WALLOP, Thomas, of Over Wallop, Hants.
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Family and Education
s. of John Wallop of Over Wallop. m. Margaret, da. and h. of Nicholas Valoignes of Farleigh Wallop and Cliddesden, Hants, 1s. John Valoignes†.
It is uncertain when Thomas’s father died and whether he himself ever occupied the family estates. (These, besides the manors of Over Wallop and Soberton in Hampshire, included Lee Bretton in the same county and property at West Lavant in Sussex, which John Wallop recovered at law in 1410.) Certainly, the latter was still alive in 1419, for he attended the elections at Winchester which resulted in Thomas’s return to Parliament for the second time. The shire knight’s wife was heir to the manors of Cliddesden and Farleigh, although, again, it is not known if she inherited them before her husband’s death or if he ever had possession.1
Wallop’s career was short and uneventful. He was never appointed to serve on even an occasional royal commission, and it seems likely that he owed his elections to Parliament rather to the reputation of his kinsman, Richard Wallop* one of the Hampshire j.p.s, than to his own standing in the shire. He stood surety in Chancery in 1409 for two local people prosecuted for the detinue of a muniment chest, in 1411 for the executors of John Hurst, and in 1412 for Henry Popham*, esquire, at the suit of the administrators of the will of Bishop Wykeham of Winchester. That he was a lawyer by profession is further indicated by his appearance at the assizes held at Salisbury in February 1414, as an attorney briefed by the former Speaker, Sir John Tiptoft*. In the following year he put in an appearance at the parliamentary elections held at Winchester.2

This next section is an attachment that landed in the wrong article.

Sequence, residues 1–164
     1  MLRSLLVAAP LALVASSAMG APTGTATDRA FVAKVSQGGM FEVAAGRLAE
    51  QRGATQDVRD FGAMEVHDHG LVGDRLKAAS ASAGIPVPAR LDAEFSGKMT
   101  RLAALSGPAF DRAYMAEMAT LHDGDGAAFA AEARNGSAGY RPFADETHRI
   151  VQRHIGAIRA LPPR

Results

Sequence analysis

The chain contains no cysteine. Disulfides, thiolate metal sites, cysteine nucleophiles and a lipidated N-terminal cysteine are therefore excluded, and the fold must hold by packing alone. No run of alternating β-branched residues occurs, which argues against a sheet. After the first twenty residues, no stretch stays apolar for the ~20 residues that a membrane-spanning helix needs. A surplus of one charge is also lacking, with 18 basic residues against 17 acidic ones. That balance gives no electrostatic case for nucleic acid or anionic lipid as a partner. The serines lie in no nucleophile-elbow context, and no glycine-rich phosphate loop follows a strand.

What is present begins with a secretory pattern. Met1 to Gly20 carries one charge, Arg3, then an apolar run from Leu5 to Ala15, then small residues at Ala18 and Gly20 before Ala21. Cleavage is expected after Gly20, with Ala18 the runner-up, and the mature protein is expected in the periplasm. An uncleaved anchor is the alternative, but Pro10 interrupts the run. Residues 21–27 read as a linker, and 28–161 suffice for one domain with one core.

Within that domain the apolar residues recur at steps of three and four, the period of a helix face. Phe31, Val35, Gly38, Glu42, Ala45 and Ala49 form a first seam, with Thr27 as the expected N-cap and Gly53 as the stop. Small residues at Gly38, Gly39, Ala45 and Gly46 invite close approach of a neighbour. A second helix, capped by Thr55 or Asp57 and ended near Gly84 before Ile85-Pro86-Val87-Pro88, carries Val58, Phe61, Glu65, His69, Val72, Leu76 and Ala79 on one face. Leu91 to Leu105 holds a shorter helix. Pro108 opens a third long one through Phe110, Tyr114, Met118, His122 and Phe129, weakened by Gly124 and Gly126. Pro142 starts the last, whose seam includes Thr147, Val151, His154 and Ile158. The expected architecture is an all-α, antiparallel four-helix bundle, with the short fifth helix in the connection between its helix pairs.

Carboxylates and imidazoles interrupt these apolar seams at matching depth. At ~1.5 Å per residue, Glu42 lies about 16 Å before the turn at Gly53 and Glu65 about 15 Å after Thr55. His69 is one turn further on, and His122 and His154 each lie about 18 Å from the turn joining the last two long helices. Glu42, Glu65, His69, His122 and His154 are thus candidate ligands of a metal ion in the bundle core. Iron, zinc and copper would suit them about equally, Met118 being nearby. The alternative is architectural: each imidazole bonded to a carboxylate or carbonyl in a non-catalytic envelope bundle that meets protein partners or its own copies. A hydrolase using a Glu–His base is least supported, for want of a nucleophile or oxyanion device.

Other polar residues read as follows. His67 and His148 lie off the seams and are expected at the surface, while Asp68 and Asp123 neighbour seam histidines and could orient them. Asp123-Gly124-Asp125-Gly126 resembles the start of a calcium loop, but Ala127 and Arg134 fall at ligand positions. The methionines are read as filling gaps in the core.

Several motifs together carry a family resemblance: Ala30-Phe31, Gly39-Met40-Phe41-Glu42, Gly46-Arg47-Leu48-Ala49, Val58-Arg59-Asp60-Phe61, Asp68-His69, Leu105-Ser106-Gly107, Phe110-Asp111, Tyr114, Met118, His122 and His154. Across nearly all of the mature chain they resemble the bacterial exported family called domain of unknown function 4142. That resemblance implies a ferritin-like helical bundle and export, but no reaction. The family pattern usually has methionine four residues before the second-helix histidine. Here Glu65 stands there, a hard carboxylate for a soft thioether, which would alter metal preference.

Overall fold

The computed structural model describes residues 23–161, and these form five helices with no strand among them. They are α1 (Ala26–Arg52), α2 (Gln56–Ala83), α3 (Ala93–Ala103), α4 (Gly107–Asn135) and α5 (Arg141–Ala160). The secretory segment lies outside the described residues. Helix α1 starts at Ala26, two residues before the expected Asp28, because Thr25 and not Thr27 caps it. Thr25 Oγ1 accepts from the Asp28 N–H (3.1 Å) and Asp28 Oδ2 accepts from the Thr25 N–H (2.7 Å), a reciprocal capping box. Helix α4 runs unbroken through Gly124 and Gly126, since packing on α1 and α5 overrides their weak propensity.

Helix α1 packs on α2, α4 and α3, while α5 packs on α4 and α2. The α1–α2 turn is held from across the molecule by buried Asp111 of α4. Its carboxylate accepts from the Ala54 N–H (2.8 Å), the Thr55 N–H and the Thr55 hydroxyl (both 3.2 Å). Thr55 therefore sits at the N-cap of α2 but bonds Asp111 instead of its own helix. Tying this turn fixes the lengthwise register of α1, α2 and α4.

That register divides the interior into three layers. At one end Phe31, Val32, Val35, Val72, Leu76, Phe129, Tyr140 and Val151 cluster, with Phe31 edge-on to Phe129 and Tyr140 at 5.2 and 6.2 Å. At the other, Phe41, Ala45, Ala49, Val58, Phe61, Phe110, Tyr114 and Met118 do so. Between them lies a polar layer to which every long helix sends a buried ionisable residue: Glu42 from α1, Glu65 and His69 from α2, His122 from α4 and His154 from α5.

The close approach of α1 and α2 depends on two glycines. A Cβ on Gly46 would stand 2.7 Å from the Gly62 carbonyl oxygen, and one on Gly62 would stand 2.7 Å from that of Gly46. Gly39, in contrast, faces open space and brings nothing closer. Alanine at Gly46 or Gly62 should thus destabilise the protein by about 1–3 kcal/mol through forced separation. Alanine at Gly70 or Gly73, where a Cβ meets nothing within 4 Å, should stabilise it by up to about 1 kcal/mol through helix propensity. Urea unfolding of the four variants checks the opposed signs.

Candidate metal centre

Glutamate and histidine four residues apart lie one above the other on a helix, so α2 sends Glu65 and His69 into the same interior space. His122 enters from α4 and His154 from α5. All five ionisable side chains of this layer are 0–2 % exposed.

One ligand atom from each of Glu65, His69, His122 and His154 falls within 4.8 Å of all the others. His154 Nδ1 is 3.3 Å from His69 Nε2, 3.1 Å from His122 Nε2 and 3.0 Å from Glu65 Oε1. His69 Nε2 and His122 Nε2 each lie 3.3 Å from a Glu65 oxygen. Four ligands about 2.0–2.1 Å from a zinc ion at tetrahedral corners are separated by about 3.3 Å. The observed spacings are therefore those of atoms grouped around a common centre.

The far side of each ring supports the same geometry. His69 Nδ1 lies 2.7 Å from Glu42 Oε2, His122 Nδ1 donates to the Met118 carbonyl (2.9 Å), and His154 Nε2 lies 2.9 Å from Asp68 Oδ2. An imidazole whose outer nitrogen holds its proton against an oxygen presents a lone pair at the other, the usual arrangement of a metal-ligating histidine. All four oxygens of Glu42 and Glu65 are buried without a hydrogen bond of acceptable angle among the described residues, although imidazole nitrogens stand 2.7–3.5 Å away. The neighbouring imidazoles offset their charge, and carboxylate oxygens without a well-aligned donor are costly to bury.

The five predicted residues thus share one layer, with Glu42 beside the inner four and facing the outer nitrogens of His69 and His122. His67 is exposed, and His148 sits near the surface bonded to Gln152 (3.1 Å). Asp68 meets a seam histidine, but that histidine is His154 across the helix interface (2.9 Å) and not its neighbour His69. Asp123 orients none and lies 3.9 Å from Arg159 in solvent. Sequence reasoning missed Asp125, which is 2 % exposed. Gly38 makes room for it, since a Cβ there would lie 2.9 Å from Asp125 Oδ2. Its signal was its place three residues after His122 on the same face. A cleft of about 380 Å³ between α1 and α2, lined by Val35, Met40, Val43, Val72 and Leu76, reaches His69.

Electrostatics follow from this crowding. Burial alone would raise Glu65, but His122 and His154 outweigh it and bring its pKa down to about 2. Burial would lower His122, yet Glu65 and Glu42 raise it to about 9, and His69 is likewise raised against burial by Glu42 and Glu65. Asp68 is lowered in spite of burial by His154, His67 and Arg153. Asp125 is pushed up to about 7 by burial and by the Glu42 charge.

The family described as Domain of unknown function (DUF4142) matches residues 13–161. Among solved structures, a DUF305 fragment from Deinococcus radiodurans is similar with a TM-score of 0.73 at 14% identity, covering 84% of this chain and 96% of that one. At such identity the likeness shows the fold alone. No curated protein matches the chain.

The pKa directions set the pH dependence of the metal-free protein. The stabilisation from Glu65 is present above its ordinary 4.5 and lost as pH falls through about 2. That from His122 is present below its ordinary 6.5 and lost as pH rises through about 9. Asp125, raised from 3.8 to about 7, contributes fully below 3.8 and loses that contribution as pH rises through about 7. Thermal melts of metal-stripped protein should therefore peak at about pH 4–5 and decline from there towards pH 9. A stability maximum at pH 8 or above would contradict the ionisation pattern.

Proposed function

Wallop died before 1428, by which date his widow had married William Vachell, and had taken possession not only of her own inheritance at Cliddesden but also of the Wallop estate at Soberton. His son, John, was his heir.3